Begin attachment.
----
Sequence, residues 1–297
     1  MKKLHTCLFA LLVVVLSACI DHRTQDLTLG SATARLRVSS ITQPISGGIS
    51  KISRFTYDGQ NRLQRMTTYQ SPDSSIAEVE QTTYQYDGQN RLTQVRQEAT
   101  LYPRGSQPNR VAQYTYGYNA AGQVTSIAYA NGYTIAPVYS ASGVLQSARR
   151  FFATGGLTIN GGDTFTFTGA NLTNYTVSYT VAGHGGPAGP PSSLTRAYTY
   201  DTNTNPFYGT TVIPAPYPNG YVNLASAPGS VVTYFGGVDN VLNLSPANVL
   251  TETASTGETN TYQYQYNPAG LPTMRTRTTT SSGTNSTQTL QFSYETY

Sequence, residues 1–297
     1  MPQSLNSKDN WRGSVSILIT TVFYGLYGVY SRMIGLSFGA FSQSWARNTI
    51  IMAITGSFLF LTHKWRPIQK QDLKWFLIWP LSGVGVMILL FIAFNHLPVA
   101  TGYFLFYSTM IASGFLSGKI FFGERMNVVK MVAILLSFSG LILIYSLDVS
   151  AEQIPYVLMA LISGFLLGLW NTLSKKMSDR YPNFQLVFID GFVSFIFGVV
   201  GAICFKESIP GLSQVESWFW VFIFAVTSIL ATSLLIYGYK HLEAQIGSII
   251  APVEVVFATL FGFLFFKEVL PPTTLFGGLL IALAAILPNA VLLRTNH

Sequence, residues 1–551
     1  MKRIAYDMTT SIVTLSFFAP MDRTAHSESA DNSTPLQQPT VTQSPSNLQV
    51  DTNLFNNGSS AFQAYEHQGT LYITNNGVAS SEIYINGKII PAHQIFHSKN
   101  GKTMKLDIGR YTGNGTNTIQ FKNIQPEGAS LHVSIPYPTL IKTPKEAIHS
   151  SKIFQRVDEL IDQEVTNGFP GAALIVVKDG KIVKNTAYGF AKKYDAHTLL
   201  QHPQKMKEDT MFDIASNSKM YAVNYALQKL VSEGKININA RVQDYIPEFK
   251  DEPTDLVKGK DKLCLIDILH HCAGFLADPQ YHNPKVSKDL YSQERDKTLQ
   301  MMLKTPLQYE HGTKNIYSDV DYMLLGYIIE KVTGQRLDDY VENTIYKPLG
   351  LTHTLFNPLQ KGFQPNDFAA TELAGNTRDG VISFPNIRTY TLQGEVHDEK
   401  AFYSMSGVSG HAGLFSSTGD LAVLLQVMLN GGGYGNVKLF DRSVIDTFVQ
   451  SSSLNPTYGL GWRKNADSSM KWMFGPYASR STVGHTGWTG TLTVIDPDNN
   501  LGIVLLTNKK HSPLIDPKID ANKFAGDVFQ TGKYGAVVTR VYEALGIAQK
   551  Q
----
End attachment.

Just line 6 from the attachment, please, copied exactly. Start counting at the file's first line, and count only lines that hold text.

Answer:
   201  DTNTNPFYGT TVIPAPYPNG YVNLASAPGS VVTYFGGVDN VLNLSPANVL